Kathryn L Ramage
The Wizard’s Son
Wapshott Press 2009
The British folktale of Childe Rowland has had a lasting influence on English literature. The youngest of three brothers, Rowland has to rescue his sister Elen and his elder brothers from the King of Elfland following Elen’s disappearance, Persephone-like, chasing a ball. With an enchanted sword he manages to track the King to his enchanted castle (also known as the Dark Tower) and defeat him. A few lines from a ballad (“Childe Rowland to the Dark Tower came…”) re-appeared in Shakespeare’s King Lear, the narrative also furnishing the plot to John Milton’s Comus and becoming the inspiration for Browning’s famous poem, and finally in the 21st century the elements of plot, name and relationships re-appear, I believe, in Ramage’s The Wizard’s Son to help elucidate what is otherwise a very puzzling story.
Young Orlan (related to the name Orlando, the Italian form of Rowland) is, on the death of his mother, brought up by a nurse called Ellan as heir to his natural father, the wizard Lord Redmantyl, in a castle called Wizardes Cliff. Here, as Chyelde Orlan, he in due course becomes an apprentice wizard to his father due to his innate magical abilities, learning, for example, how to create and control a magical orb. These elements, along with Orlan’s connection with the young woman Alen, have clear echoes of the Childe Roland chante-fable (Orlan for Rowland, Alen and Ellan for Elen). The general direction of the plot too points to conflict with and challenges to his father, the equivalent of the King of Elfland of the folktale, along with sibling rivalry with his younger foster brother Andemyon, rather as Roland succeeds in rescuing Elen where his brothers did not.
Noting at some length the parallels with Childe Roland (and there are other links with folktale motifs, such as the Sorcerer’s Apprentice and the Prodigal Son) seems to me important in trying to make sense of The Wizard’s Son. On the face of it, this narrative strand of applied magics is almost incidental to the human tale of a troubled young man who wants to know the truth about his origins, who wants to experience and experiment with life while resisting parental constraints, and who acts at times as wilfully as any spoilt brat. Knowing that this novel is part of a series and that there is more to be revealed makes it easier to complete this heavy-on-details story of what can be at times an unsympathetic protagonist.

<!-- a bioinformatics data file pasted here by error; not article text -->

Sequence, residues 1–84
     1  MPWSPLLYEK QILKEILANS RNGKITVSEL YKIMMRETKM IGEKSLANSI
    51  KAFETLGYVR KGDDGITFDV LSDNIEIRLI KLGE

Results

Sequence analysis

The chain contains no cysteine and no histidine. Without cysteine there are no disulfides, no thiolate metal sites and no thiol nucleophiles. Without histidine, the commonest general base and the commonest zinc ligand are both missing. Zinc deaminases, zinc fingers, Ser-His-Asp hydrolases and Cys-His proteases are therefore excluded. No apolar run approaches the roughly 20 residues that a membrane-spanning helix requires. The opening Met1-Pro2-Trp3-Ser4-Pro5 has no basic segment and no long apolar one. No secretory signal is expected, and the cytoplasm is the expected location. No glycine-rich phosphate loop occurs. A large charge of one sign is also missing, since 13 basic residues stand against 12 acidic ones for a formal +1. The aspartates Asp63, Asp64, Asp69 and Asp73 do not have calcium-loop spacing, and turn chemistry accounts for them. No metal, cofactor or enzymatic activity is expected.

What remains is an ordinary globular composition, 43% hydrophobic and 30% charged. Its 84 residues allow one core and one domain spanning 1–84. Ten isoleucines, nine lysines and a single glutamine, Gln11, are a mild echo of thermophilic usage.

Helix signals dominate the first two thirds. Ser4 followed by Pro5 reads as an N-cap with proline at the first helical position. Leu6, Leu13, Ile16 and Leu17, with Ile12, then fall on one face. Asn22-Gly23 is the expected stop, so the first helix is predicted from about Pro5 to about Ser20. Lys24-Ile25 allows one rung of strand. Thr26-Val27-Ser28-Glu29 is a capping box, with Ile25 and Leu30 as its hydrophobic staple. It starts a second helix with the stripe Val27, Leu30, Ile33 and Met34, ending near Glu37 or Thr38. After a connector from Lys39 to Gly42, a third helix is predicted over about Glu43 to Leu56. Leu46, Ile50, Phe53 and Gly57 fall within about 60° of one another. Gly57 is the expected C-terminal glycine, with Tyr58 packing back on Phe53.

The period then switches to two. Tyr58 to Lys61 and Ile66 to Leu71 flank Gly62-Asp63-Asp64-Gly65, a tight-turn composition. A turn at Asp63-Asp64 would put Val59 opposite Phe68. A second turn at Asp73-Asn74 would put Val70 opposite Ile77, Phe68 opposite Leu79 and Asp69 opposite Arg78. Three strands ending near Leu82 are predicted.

Another pleasing aspect of Ramage’s book is the creation of an alternate history of the Western World, one where events have diverged from our history at some point soon after the Norman conquest of England but where magic is a given. The action is set in the New World, on a barely recognisable Long Island, in a 20th century where medieval European customs, beliefs and technologies still hold sway, but with some differences: women, for example, seem to have more equality than their counterparts in the High Middle Ages of our world. I’m not sure that, even with the reactionary Church and State apparatus that Orlan’s 20th century is subject to, polities and scientific developments would remain so unevolved, but with someone of Ramage’s academic background there is nevertheless the detailed and informed effort that has gone into the imaginative re-creation of chronology, manners and language (the use of the genitive singular in placenames, for instance) to project a consistent view of Orlan’s world which I find both impressive and compelling. However, I regret that the map of the Northlands provided is less than useful in pinpointing locations, especially those mentioned but not marked, and in lacking scale and clarity it scarcely adds anything to what a careful reader can’t already glean from the text.
There is no doubting that Ramage has achieved a believeable universe where magic is real even if of secondary consideration, and there is absolutely no question that she has successfully peopled this universe with credible if flawed human beings. There is a strong sense, though, that there are unresolved threads which will be picked up and followed in the sequels (or even prequels). To immerse oneself again in Redmantyl’s world of the Northlands with Maiden in Light is certainly something to look forward to.
Review first published March 2013, here slightly revised